How many times have you been to a concert or play and, at the intermission, found a long lineup for the women’s washroom and a much shorter one for the men’s? We have all experienced that totally ridiculous segregation. On the other hand, at fairgrounds and outdoor festivals we all use the communal, non-gendered, Porta-potties, and they serve both genders equally well (or equally badly, depending on the smell).
Many women have occasionally asked a male companion to ‘stand guard’ while they used the men’s toilets because they couldn’t wait for the ladies’ loos to become available. The first time I did that I looked around and I found that the only differences between women’s and men’s washrooms were the presence of urinals and the absence of a tampon dispenser in the men’s. Everything else—washbasins, faucets, mirrors, cubicles, toilets, hand dryers, floor tiles—was the same.
It made perfect sense to me when Edmonton made all single-stall washrooms in the municipally-run buildings gender neutral.
It has been nearly a year now, and the sky has not fallen. It was really easy and virtually cost-free. All they had to do was change the signs on the doors from stick-figure-in-a-skirt or stick-figure-in-pants, to signs with both stick figures on them or signs that say “All-Gender Washroom.” Everyone got the message and nobody was offended or assaulted. Edmontonians now just takes turns using the washrooms, and instead of having only one choice of stall, everyone has two.
A Kroger store in Athens, Georgia felt inspired to add an explanation to their all-gender washroom door sign, to show that it was helpful to all sorts of people, not just the LGBTQ community.
Multi-stall washrooms are still single gender, but I’m not sure why. I think it’s because most men use urinals and they probably don’t want strange women seeing their penises. Really, though, the urinals are not essential. None of us has them in our homes, so why do we have them in public washrooms? It may take a little longer to use a cubicle, but not much.
Perhaps public toilets are segregated because women would not feel safe lowering their panties, even in a locked cubicle, with strange men around. I am very sympathetic to the fears that women have of being assaulted, and I share many of those fears. But, as Katherine Ripley has pointed out “if a predator is after you to hurt you, he isn’t going to be stopped by an un-locked door with an amorphous figure in a triangle dress stamped on the front of it.” In fact, I’d feel safer knowing that if I were threatened by anyone, a man might be able to come to my aid. If we all agree to use cubicles all the time, there is no reason why we couldn’t all use all available washrooms, regardless of our gender.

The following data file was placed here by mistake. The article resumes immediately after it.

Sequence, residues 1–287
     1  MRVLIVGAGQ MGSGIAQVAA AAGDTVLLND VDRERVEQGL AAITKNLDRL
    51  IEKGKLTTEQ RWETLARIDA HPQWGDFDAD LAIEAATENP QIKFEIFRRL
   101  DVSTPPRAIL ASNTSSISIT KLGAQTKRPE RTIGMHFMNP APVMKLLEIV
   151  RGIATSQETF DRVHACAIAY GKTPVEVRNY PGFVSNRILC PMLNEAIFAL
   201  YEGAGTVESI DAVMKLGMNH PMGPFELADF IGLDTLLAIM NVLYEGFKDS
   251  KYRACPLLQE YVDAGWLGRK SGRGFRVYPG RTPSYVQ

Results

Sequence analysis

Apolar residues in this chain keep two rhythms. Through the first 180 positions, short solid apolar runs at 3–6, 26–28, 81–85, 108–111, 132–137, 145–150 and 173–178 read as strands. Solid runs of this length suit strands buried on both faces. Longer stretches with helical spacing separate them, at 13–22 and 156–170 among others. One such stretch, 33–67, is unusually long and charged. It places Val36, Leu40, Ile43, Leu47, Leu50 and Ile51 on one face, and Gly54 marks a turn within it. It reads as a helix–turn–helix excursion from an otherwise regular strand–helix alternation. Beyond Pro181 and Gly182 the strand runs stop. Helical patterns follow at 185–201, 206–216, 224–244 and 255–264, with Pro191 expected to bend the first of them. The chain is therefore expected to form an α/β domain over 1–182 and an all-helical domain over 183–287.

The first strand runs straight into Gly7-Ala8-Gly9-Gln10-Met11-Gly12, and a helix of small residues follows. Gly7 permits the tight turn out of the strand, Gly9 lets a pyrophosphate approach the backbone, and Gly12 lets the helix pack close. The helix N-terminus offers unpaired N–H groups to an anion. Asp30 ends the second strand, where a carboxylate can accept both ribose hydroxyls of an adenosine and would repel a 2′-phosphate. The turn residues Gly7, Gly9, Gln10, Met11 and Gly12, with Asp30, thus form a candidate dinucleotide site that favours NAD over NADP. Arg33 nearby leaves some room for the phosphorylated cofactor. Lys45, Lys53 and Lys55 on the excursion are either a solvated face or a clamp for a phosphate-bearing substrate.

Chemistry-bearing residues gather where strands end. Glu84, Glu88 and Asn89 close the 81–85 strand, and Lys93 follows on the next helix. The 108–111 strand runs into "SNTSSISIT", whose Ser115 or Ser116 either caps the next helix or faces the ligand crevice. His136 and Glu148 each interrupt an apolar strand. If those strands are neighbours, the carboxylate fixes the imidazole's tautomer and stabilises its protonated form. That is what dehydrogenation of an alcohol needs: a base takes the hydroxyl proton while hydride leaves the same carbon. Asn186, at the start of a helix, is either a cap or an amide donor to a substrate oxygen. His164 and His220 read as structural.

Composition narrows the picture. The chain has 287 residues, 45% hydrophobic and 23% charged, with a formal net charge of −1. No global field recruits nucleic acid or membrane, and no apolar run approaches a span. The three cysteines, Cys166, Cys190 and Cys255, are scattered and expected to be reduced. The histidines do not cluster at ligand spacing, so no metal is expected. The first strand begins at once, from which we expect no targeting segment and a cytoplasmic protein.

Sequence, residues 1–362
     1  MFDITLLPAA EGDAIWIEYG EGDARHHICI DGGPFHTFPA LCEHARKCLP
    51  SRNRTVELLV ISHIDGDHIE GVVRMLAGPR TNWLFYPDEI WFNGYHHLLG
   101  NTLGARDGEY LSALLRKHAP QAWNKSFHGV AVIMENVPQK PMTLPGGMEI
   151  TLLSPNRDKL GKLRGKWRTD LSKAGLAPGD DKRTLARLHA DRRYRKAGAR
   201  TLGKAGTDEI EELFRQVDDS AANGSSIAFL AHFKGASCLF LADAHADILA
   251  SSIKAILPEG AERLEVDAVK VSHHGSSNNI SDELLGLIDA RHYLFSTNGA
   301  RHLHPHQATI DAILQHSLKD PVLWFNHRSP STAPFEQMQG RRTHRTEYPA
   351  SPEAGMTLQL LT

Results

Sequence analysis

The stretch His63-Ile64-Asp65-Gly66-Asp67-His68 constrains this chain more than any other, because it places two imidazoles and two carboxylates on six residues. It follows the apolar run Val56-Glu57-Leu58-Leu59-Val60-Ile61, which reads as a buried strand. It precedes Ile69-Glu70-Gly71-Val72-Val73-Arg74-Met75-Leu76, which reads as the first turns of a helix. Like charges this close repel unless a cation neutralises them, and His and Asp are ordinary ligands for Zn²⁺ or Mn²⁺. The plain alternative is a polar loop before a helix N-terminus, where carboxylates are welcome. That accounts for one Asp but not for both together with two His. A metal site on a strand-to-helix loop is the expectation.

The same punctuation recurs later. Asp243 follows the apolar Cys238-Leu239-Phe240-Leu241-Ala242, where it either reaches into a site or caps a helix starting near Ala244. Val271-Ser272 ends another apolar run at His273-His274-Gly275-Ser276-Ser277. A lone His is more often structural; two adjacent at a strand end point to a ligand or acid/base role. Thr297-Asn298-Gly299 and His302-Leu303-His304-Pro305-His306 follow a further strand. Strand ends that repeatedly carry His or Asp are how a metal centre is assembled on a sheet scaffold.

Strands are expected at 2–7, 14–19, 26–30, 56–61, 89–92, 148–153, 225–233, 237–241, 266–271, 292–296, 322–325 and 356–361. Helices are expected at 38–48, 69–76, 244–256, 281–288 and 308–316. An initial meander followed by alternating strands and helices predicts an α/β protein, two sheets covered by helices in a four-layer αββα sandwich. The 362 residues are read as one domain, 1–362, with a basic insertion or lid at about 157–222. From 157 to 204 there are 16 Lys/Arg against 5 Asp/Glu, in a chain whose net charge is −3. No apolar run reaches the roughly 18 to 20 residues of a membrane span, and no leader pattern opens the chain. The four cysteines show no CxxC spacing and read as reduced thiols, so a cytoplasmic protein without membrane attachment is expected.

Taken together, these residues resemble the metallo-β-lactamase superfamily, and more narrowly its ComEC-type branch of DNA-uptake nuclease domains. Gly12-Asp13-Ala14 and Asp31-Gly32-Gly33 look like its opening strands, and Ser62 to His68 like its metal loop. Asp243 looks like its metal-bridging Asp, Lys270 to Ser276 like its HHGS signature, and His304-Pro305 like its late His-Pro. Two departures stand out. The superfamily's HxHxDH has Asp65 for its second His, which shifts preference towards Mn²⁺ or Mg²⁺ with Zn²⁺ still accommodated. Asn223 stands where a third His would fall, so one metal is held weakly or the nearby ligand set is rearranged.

A few months ago, some people in Houston got their knickers in a twist over an equal rights ordinance and they used very effective propaganda to persuade citizens to reject it. Part of the plan had been to allow everyone, including transgender people, to use the public washrooms of their choice. Some of the outrage has grown out of a misconception of transgender people and a fear of the unknown. There was some talk of men dressed in women’s clothing being a potential threat.
Similarly, one Senator in Canada, in trying to defeat a human rights bill, referred to one instance of a cis male who pretended to be transgender. The man had been admitted to a women’s shelter and sexually assaulted two women there. As awful as this is, it is not evidence of a threat from transgender people. It is evidence of a threat from a serial rapist.
There have been very few reports of cis males pretending to be transgender in order to commit acts of violence against women. This is mostly a fantasy from transphobic minds, as attested to by fifteen law enforcement officers and others in a mediamatters.com article. One even said that “the notion of men posing as transgender women to enter women’s restrooms to commit sex crimes ‘sounds a little silly.’” In fact, trans* people, especially transgender women of colour, get beaten/raped/murdered much more often than other people, especially in vulnerable situations like using the washroom.
So, just for a moment, imagine that you are a female-to-male transgender person out shopping and you need to use a public washroom. Imagine also that you cannot find a gender-neutral single-stall washroom. You know that you face the risk of verbal or physical abuse if you use the men’s washroom, and you cannot comfortably use the women’s washroom if your appearance is masculine. How long do you think you can hold that pee until you either get home or ask someone to ‘stand guard’?
This very real problem could so easily be solved if we just accepted that we can all use the same loos. I would recommend that whenever possible we have public washrooms
redesigned so that the cubicle doors and walls go down to the floor, and then we can all take turns using any of the cubicles. Some of the cubicles could even have urinals in them.
The point is that if we all behave like the civilized society we are supposed to be, we can all use the same public washrooms and we can all stand in lines together. The bottom line, as San Francisco’s city supervisor, David Campos, has said is that, “going to the bathroom is such a basic necessity that nowhere should anyone have a difficult time or be in danger because of that.”